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Commercial Landlords, COVID-19 (Coronovirus) & the Law

Chelsea Brooke-Ward a Barrister in the Commercial and Chancery team at Park Square Barristers discusses the most frequently asked question “can commercial tenants withhold rent?”, and the likely affects and outcomes for commercial leases and landlords

If you require any specific or additional legal advice which Chelsea Brooke-Ward has not covered in this article below, please get in touch with Miss Brooke-Ward’s clerks on clerkscivil@psqb.co.uk or call 0113 245 9763.

There has been an unprecedented challenge to the nation following the recent measures adopted by the UK and the most recent “lock-down”, no one knows what the future holds at present but what appears to be clear is that as the coronavirus pandemic continues to spread, commercial property owners are attempting to pilot those unprecedented challenges and are faced with increasing encounters economically. Most landlords are becoming increasingly concerned about the outbreak and how it is likely to impact their businesses and property portfolios, and what safeguards are in place to assist them.

The main question frequently being asked is…….. “Can my tenant withhold rents payable under the lease?”

This will be entirely dependent upon the construction of the lease in question and the clauses contained therein. Given the current situation and the Government announcement, most tenants will be seeking a rent holiday/deferral or a rent reduction. Modern commercial leases only provide for a suspension of the applicable rent if the premises are damaged, destroyed or unusable due to an “insured risk” – and more often than not this would not include a coronavirus outbreak. Cover for this would only be available if the landlord’s insurer offered cover as standard under its policy terms, which is extremely unusual. If there is any ambiguity as to whether you are insured your policy schedule and wording would be the first port of call before calling your insurer. If you are unsure what your insured risks are, and the exclusions I would advise to obtain expert legal advice.

If the matter on the face of it is an uninsured risk (as I suspect COVID-19 will be) the tenant will in almost all cases, still be liable to pay their rent absent any agreement with their landlord to the contrary (discussed below). However, new protective measures have been outlined by the Government which will mean that no business will be forced out of their premises if they miss a rent payment in the next three months.

At this stage, the Government’s proposal is only expected to delay a landlord’s right to forfeit and not eradicate this entirely. So, as things currently stand a landlord may after the three-month period ends, seek to enforce the forfeiture clause so commercial tenants will still be liable for the rent during and after this period. It would be advisable to write to tenants and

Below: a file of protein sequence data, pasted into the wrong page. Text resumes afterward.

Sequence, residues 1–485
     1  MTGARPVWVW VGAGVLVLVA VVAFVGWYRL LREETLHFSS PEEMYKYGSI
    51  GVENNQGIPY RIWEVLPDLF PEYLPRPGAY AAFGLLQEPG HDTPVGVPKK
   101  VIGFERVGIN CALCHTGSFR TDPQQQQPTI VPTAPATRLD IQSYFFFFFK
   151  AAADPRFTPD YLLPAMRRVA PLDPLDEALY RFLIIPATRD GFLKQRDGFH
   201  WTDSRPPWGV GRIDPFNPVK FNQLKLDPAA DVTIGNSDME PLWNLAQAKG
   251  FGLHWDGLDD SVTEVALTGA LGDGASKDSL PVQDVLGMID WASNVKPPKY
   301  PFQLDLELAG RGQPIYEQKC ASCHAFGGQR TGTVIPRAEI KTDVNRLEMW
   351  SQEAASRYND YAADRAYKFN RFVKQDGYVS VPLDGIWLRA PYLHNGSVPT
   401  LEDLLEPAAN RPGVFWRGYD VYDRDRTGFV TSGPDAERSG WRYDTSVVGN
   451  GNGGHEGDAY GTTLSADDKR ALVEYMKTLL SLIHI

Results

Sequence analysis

explain the situation. The government has also made clear that it is monitoring the impact on landlords’ cash flow during this time, but at the time of writing no clear guidance has been given in respect of this particular issue.

So in light of the Government proposal that no landlord will be able to evict commercial tenants for a period of 3 months, which at the current calculation no commercial landlord would be able to enforce any forfeiture clause before 30th June 2020, commercial landlords are faced with reality that tenants may not be able to pay their rent or may simply be refusing to pay their rent.

So, where does that leave a commercial landlord?

Whilst there is no obligation on landlords to allow tenants such rent relief, it is in both parties’ interests to try and work together to agree a compromise to the current situation. Landlords will need to evaluate their current financial situation and decide whether they are willing to agree to a rent suspension/reduction/deferment. If there is an agreement to suspend or reduce the rent for such a period, this will constitute a variation to the express terms of the contract, and it would be advisable that this should be reduced to writing and agreed by both sides. I would advise that expert legal advice should be obtained on the effects of such a variation to the contract. Once such an agreement has been reached between the tenant and the landlord, this will then become a binding variation to the contract. This may be for example to extend the current operating period of the lease for the duration of the rental suspension or agree a payment plan in addition to the current rent once the three months (or any such period as agreed) has lapsed.

Although the above maybe the stand point for the majority of commercial leases, some leases may provide that the rent is suspended in the event of an “uninsured risk” occurring and the lease will need to be carefully reviewed in light of the current pandemic to see whether the particular clause covers such events, but in my experience it would be extremely unusual for such a clause to be in a commercial lease.

If the lease does not provide for a rent suspension, I reiterate that a landlord is not obliged to accept such suspension. However, landlords should give careful consideration as to whether to accept such requests having regard to the relationship and economic impact on their business and that of their tenants.

If you are considering agreeing to a rent suspension or reduction, a carefully drafted agreement should be prepared. If you wish to discuss this or any further matters then please do not hesitate to contact our team on clerkscivil@psqb.co.uk or call 0113 245 9763.